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05-22-06, 01:27 PM #1
Cops can just walk into your home w/o permission!
Supreme Court Rules Police Don't Need Warrants in Emergencies
WASHINGTON — The Supreme Court reaffirmed Monday that police can enter homes in emergencies without knocking or announcing their presence.
Justices said four Brigham City, Utah, police officers were justified in going inside a home in 2000 after peering through a window and seeing a fight between a teenager and adults.
Chief Justice John Roberts, writing for the unanimous court, said that officers had a reasonable basis for going inside to stop violence, even though they could not announce their arrival over loud noise of a party.
"The role of a peace officer includes preventing violence and restoring order, not simply rendering first aid to casualties; an officer is not like a boxing (or hockey) referee, poised to stop a bout only if it becomes too one-sided," Roberts wrote.
The decision overturned a ruling by Utah's Supreme Court that said a trial judge was correct to throw out charges stemming from the police search. The trial judge ruled that police had violated the Fourth Amendment's prohibition against unreasonable searches by failing to knock before entering the house.
When the adults realized the officers were inside the house, they allegedly became abusive and were charged with disorderly conduct, intoxication and contributing to the delinquency of a minor — all misdemeanors.
In a separate opinion, Justice John Paul Stevens said that Utah courts could still find that the police entry was unreasonable under Utah's Constitution. He called it "an odd flyspeck of a case," and said he was unsure why courts had spent so much time on a matter involving minor offenses.
The Supreme Court has devoted a surprising amount of attention this year to the rights of people whose homes were searched over their objections.
In March, the court said that police cannot search a home when one resident invites them in but another tells them to go away. Last week, justices held a special re-argument to decide whether police armed with a search warrant can rush into a home without knocking and seize evidence for use at a trial.
Roberts said in Monday's ruling that officers did everything right when they arrived about 3 a.m. after getting a complaint about a loud party. They saw juveniles drinking beer in the backyard.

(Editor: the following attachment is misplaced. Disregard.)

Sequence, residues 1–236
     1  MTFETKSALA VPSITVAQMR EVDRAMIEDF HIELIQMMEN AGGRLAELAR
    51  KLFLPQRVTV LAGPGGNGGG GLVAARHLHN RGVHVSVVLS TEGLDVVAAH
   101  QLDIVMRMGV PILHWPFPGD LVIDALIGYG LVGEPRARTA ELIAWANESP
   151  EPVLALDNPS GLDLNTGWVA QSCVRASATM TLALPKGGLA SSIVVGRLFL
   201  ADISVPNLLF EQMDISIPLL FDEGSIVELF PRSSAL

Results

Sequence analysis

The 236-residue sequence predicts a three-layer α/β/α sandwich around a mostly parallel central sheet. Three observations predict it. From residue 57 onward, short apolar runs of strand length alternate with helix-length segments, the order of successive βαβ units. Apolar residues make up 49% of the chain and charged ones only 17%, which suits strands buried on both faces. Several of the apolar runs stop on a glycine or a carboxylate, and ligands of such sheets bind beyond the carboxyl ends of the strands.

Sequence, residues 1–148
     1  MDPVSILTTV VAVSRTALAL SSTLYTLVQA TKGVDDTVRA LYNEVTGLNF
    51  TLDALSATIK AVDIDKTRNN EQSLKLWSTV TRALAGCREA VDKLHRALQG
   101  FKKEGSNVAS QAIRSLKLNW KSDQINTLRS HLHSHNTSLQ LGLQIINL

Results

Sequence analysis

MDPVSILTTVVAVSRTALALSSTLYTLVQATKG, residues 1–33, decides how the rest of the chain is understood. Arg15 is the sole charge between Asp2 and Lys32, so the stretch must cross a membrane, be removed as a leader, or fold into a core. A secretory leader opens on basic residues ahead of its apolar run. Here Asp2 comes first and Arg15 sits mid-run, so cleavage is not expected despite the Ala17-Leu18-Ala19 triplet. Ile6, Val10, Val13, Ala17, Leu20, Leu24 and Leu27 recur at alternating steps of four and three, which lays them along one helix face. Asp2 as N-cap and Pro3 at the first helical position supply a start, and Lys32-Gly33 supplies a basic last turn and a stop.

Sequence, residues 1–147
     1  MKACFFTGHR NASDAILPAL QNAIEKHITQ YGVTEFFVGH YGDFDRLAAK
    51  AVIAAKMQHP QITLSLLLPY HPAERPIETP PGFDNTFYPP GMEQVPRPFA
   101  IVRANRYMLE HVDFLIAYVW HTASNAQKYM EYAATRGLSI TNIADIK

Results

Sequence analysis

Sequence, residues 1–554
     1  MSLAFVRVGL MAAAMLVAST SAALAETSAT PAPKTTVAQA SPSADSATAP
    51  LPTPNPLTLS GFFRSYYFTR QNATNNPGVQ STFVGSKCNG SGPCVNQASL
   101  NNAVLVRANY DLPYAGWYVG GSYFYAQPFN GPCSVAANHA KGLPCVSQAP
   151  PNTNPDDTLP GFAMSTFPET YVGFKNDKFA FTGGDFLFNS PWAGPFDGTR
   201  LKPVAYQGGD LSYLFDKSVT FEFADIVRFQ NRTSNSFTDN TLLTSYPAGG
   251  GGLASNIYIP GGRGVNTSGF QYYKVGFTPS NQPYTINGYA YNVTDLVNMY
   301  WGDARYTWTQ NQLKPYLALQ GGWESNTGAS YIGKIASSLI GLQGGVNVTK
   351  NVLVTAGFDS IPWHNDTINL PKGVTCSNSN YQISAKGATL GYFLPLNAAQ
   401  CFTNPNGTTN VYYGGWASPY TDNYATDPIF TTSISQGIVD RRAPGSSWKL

After seeing the scuffle through a back window, an officer opened a screen door and tried to announce the arrival of police.
"When nobody heard him, he stepped into the kitchen and announced himself again. Only then did the tumult subside," Roberts wrote. He said the officers "were free to enter; it would serve no purpose to require them to stand dumbly at the door awaiting a response while those within brawled on, oblivious to their presence."
The case is Brigham City v. Stuart, 05-502.
link"When I'm driving along and I see a sign that says, CAUTION: SMALL CHILDREN AHEAD,
I slow down, and then it occurs to me, I'm not afraid of small children"!
05-22-06, 01:46 PM #2
If a cop stopped by my place and saw me getting my ass handed to me by someone - ANYONE - then damn skippy I want them there, regardless of their announcement.\\` ` ` ` < ` )___/\
`` ` ` ` (3--(____)
"...but to forget your duck, of course, means you're really screwed." - Gary Larson
05-22-06, 01:53 PM #3
If you look at the basis of the scenario and the supreme courts response, your surprised why?
If i'm driving by a see through a large front window of a home, a man standing over a person with a gun to their head inside the home, would it be illegal of me to shoot the individual?
The world is full of perplex scenarios and outcomes, fact is, I'm glad the courts ruled that way.
It's not like we can just barge in unannounced without seeing probable cause to enter. So in a way, we are entering with permission. The permission given to us by observed criminial intent/and or probable cause, coupled with notifing them of our entry in the best manor we can, while preserving the safety of life and preservation of evidence.
Ok so i'm just talking out my ass, but hopefully some of that made sense.
I'm glad you posted this on the public side. It would be interesting to see the publics response on here.Here Speeder, Speeder, Speeder
"Oderint dum metuant" - Caligula
"How come you only call me when someone's dead?"
05-22-06, 02:54 PM #4
I can see a reason to go in and to charge the occupants of the crime witnessed by the police.